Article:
Motorola Xyboard and Xoom

The Motorola Xoom was the first Android tablet that tried to take on the original iPad. While the Xoom brand got a refresh in Europe, it has been superseded by the Droid Xyboard in the USA.  However, the original Wi-Fi-based Xoom can still be found at many online retailers. This rugged device boasts a dual-core processor, 10.1-inch widescreen display and runs Android Honeycomb 3.1 with a promise from Motorola that it will be upgraded to Android 4.0 Ice Cream Sandwich eventually. For $499 it’s priced competitively, but that iPad 2 price drop announced yesterday could stop Motorola in its tracks. Price war possibilities? We’ll take ‘em if it means cheaper tablets!

The Droid Xyboard available from Motorola boasts a terrible name, but packs a powerful punch. With its distinctive, chopped-off corners and its IPS-enhanced 10.1-inch HD display, it’s a smart-looking device packing a 1.2GHz dual-core processor under its skin. It runs on Verizon’s super-speedy 4G LTE network, boasts 32GB or 64GB of storage space and runs Android Honeycomb 3.2. Perhaps this device is what the original Xoom should have been, but its only drawback is the price and the fact that it requires an ongoing data connectivity contract with Verizon. Still, a Wi-Fi only version is available for $499. And if you’re prepared to step down to an 8.2-inch display, the Xyboard’s smaller brother is another Wi-Fi-only offering that’s priced at a reasonable $399 while still boasting the speed and great display quality of its bigger brethren.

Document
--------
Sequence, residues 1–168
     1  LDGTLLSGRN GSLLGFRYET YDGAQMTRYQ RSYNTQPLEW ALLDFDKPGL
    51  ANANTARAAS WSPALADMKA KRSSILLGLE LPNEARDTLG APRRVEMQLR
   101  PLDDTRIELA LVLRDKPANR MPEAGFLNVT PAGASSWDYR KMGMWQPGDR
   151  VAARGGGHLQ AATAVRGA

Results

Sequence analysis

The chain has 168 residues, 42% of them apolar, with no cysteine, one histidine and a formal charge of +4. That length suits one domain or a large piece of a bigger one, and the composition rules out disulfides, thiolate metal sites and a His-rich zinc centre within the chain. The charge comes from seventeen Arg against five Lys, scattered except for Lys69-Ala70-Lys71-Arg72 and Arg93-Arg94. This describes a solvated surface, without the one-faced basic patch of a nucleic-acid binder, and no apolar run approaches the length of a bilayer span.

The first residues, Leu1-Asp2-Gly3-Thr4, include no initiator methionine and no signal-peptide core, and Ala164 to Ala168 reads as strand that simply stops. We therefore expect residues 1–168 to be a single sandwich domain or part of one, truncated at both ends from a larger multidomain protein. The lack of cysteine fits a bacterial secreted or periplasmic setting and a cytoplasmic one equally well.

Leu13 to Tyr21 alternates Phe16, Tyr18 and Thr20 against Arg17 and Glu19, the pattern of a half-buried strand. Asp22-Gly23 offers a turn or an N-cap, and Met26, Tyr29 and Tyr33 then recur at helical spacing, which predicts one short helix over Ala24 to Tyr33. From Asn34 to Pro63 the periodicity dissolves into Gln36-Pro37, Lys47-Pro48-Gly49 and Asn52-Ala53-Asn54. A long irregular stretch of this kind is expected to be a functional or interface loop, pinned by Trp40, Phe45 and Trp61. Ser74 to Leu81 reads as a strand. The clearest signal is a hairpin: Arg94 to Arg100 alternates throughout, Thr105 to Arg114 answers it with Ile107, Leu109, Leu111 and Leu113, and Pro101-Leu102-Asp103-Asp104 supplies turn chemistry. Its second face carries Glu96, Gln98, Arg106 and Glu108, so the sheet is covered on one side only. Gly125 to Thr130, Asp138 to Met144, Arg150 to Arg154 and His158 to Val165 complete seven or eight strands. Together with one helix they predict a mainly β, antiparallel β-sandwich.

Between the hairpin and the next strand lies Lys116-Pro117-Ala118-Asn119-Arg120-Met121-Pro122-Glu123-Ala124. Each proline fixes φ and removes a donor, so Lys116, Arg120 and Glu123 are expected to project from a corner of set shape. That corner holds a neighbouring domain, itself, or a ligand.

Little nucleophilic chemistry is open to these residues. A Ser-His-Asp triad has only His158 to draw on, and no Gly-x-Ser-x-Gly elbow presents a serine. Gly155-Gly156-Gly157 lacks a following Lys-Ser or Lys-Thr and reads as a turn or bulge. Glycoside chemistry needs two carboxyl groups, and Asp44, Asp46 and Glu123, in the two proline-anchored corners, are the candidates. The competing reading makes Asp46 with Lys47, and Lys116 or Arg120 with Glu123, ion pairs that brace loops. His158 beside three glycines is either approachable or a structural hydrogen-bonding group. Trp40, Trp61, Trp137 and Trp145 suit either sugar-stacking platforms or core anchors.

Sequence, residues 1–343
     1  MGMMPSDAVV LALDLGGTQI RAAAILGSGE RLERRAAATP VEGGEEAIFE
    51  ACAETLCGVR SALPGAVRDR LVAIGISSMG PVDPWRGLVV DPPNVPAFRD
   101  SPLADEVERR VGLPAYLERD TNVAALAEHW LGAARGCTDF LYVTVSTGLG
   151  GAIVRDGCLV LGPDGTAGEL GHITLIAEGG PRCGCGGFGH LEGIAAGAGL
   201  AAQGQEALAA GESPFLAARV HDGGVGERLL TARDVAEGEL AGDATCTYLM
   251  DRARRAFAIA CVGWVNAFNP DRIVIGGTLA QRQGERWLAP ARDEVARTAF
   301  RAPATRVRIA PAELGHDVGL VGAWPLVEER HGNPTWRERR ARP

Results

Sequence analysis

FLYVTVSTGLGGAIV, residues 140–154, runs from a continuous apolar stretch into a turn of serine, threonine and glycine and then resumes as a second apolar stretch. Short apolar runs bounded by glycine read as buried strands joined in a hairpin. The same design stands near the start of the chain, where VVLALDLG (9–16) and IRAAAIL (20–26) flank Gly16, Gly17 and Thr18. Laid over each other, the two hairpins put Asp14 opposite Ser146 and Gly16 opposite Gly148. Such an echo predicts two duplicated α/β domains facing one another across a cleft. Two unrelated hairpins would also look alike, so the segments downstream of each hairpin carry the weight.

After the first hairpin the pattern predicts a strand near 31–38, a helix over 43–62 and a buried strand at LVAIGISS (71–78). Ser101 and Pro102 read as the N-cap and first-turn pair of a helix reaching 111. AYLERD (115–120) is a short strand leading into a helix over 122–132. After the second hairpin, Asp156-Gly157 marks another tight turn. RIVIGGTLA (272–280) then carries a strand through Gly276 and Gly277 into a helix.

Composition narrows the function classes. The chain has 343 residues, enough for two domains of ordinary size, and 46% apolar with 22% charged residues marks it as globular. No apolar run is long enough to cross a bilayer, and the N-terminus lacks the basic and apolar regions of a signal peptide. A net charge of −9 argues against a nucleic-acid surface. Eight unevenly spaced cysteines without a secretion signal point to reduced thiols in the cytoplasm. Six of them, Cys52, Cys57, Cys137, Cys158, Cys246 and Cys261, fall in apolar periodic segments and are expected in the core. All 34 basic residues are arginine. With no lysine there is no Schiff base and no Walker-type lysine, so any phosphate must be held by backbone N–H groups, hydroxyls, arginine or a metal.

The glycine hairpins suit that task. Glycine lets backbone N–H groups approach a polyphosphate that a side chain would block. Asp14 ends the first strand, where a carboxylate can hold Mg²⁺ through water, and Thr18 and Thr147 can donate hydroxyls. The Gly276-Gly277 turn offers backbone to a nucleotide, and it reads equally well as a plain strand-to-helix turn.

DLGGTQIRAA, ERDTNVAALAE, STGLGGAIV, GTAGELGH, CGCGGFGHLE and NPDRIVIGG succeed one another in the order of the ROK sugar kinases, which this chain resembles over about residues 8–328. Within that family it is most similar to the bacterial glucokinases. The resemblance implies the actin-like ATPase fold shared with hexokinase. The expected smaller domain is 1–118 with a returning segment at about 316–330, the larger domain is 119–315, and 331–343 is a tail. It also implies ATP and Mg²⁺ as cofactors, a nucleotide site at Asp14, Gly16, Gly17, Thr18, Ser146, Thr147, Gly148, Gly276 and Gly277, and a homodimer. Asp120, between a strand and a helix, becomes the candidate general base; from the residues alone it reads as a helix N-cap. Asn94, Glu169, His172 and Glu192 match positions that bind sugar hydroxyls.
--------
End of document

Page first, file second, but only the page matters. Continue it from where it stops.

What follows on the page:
Asus Eee Pad Transformer

This powerful Android tablet was the first to offer a quad-core processor featuring NVIDIA’s Tegra 2 capabilities. It has a 10.1-inch IPS touchscreen, 3D stereo speakers, two cameras and scratch-resistant glass. What’s more, it’s fully upgradeable to Google’s latest tablet OS, Android 4.0 Ice Cream Sandwich. This is a lean, mean gaming machine and a multimedia powerhouse, which should pretty much take anything in its stride. It even offers an optional dock to turn it into a laptop-like device which also extends its battery life. When it comes to flexibility, the Asus Eee Pad Transformer is worth investigating.

There are numerous other tablets out there which serve as great alternatives to the iPad in a variety of shapes, sizes and perhaps most importantly, price points. We don’t have the space to mention every one available here (for example, Archos just announced an Ice Cream Sandwich update for its G9 line of tablets), but if you’re prepared to hunt around, or don’t have $500 to spare for a brand new iPad, you’ll discover there’s a nice range of perfectly capable alternative tablets out there for every budget.